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3/26/2012

What is workplace retaliation? It's about making people afraid.

What is workplace retaliation?

It is not what most people think it is.

Retaliation is not the same as harassment or “hostilte workplace,” and it is not about people getting revenge or “getting back" at anyone.

Retaliation is about making people afraid to complain or to assert their rights.  It is a subtle, but important distinction.



In a retaliation case,  the law is not concerned with why something happened or why someone did something.  That is the issue in harassment and workplace hostility cases: did they do it because they don’t like certain people?  ... was it a matter of discrimination?

In a retaliation case,  the only concern is whether an "adverse action" (following from a complaint or "protected activity") would tend to discourage other people from complaining. It doesn't matter what the motive or intent was. It also doesn't matter whether the original complaint was valid.  You cannot be punished for standing up.  If they can punish you, who is ever going to speak out?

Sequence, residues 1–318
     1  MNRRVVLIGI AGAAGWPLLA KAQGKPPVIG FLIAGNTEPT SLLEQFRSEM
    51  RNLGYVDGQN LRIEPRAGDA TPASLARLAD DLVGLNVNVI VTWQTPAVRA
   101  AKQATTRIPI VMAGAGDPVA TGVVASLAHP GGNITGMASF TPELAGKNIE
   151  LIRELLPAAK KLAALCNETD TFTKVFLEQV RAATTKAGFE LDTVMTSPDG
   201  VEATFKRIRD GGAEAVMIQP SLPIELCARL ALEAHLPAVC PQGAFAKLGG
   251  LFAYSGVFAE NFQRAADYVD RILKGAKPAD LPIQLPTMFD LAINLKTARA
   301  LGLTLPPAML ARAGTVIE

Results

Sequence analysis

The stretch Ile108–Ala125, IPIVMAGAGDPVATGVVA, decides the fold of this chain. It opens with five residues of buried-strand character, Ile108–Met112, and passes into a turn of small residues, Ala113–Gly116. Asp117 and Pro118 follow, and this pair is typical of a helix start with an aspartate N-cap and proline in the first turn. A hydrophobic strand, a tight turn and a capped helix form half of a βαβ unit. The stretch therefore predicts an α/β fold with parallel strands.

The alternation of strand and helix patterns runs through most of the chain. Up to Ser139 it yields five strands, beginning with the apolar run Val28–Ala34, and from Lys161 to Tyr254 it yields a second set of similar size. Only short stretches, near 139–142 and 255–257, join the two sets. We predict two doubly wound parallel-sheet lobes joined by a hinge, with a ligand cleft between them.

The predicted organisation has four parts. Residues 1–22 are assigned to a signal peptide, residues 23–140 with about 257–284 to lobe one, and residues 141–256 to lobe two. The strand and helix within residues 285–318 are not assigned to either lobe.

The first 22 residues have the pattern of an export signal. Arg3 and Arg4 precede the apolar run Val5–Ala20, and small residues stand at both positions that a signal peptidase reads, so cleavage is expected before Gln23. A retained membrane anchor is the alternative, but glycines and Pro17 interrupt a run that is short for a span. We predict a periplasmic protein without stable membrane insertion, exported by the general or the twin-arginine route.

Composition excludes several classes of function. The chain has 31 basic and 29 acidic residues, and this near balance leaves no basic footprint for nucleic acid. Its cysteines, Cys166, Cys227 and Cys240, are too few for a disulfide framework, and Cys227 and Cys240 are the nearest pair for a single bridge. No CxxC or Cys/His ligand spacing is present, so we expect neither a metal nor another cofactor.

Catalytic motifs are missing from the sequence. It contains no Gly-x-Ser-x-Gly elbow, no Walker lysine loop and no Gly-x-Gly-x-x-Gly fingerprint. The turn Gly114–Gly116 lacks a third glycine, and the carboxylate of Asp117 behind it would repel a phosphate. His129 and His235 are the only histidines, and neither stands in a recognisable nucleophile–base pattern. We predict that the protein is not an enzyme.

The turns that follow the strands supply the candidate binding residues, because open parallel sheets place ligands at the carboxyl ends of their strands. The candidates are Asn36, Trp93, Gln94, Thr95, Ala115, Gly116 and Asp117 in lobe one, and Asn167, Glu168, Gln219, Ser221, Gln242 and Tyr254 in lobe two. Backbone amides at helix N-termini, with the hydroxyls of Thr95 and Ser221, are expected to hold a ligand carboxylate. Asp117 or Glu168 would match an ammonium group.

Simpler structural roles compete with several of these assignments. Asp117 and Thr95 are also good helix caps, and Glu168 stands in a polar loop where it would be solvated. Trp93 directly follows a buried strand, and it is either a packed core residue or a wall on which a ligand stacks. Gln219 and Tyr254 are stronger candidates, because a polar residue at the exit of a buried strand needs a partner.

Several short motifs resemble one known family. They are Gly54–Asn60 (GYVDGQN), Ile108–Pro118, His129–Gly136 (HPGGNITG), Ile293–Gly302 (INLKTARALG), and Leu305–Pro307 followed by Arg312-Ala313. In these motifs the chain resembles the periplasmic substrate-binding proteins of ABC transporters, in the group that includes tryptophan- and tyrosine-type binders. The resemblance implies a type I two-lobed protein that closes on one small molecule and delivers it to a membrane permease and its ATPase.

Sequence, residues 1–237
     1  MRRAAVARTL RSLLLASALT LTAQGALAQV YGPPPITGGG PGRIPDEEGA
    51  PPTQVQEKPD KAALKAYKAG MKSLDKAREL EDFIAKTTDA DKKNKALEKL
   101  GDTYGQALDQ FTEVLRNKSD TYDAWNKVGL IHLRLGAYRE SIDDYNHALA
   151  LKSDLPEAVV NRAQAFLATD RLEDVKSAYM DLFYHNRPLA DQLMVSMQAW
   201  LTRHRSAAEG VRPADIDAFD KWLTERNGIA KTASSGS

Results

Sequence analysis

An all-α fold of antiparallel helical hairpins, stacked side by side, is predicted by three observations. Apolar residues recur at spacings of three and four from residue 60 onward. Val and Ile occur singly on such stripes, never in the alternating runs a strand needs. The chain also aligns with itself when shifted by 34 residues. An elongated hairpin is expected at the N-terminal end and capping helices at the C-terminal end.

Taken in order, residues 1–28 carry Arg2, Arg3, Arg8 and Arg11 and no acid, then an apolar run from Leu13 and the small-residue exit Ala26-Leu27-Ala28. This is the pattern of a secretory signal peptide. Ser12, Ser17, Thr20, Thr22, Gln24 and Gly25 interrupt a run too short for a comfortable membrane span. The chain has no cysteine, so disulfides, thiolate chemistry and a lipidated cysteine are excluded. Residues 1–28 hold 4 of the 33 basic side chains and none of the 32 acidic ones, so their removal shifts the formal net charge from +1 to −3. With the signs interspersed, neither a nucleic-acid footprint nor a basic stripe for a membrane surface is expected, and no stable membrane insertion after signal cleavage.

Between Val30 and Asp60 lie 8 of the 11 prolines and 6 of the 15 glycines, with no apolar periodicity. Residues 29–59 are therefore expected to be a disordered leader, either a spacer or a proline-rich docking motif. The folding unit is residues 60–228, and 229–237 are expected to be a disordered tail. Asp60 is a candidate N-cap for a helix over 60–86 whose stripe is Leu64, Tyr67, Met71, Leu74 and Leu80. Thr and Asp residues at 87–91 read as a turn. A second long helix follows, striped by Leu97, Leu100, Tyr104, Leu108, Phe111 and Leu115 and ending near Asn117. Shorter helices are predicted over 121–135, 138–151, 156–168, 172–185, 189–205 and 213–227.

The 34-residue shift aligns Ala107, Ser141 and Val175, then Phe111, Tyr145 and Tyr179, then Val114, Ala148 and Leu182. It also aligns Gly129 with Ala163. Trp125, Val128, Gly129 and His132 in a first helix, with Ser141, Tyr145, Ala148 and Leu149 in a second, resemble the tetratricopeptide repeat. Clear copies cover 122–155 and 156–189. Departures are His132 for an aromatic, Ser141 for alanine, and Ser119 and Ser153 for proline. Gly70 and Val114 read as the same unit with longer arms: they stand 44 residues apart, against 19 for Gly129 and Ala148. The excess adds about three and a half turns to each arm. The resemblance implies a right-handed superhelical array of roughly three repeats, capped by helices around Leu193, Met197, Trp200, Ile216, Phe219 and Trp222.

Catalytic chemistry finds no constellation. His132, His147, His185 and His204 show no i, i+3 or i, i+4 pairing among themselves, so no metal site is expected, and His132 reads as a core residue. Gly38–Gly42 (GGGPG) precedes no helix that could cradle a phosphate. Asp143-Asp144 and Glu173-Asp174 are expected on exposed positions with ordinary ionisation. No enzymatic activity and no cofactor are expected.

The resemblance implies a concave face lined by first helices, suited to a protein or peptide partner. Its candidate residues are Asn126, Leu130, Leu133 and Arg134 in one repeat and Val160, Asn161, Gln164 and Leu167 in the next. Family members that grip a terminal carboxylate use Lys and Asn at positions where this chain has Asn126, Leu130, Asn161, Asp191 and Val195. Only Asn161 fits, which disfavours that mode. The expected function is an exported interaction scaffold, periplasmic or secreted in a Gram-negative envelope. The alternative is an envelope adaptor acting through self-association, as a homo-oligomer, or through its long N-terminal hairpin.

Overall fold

The common sense meaning of the term "retaliation" is not useful in Court because it is difficult to prove that someone did something because they were carrying a grudge or feeling resentment.   When someone is suddenly treated differently at work,  or assigned different responsibilities,  or excluded from meetings or discussions,  there is always some excuse or explanation.   There is always some pretext (i.e.,  a “made-up” excuse).

The Supreme Court decided (
see footnote) that to protect employees from retaliation, there needed to be a an objective test,  one that does not depend on arguments about intent or purpose,  or about who was mad at whom,  or whose feelings were hurt,  or whether the organization's reasons were honest or not.